Anyhow, we're back in the mine, we put the freaking motor back into the rig - try running it, loading it - and YES SIR!! This time it worked!!! What a relief... By the way - what's that now, five shifts in a row?
So, the rig seemed to run just fine, and we left the drillers to drill and went back up to the office. Picture the following: we're sitting down, I look at Nuno across the desk and he's looking back at me, and I tell him - "Now's that an all-nighter one can be proud of! - and I hear back - "Chr-chr-chr-chr..." - Say, what? "Chr-chr-chr-chr..."
And then it hits me - the poor guy is sleeping and snoring with his eyes wide open! That was the first time I saw someone do that. Then his gaze gains focus, the snoring stops and he goes: "I'm sorry, man, did you say something?.."
In the end, I got the parts to our shop and put the motor back into one piece using the valve-plate and the endplate from the "Bulgarian venture", and tested the motor once again restricting the return line, and, once again, the test registered a perfect pass. But I knew better now, so, with the help of the client's welder, we rigged up a contraption that allowed us to block the shaft from rotation - and this time I did manage to observe the lift.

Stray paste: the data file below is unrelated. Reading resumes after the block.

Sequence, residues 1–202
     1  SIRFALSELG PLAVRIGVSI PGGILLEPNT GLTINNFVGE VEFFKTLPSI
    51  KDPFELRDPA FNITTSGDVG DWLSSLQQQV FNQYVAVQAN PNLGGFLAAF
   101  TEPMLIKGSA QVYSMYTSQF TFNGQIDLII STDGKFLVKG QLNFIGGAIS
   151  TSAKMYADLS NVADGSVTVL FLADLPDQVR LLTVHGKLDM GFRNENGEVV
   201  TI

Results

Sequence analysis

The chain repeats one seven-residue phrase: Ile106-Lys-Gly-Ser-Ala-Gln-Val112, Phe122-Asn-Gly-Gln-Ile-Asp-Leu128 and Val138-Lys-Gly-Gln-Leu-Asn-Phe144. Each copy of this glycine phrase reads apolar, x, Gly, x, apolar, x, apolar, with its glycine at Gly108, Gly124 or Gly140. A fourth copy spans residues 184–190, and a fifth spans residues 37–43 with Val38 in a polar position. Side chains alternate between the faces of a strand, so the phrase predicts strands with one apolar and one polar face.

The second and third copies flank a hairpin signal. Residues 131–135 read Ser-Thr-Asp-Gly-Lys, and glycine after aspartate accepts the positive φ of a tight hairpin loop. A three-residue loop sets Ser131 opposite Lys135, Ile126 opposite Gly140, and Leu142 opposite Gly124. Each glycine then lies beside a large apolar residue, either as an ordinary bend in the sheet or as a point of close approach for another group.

I got lucky - this motor had huge drain ports, and I managed to visually confirm that when the lift was happening it was not between the barrel and the valve-plate but rather between the valve-plate and the endplate!
My only regret was I didn't document that with pictures - that would have been one hell of a troubleshooting case. I did contact every supplier we knew for a replacement endplate, but since this was a discontinued series - I didn't manage to find a replacement, and the endplate for the newer series couldn't be used on that body. I did try to rectify it, but then another similar motor broke down and we had to urgently re-use the main shaft from this one, and in the end, the client opted for buying a new motor to replace this one, so, eventually, the parts ended up in scrap.
Three lessons that I learned the hardest way: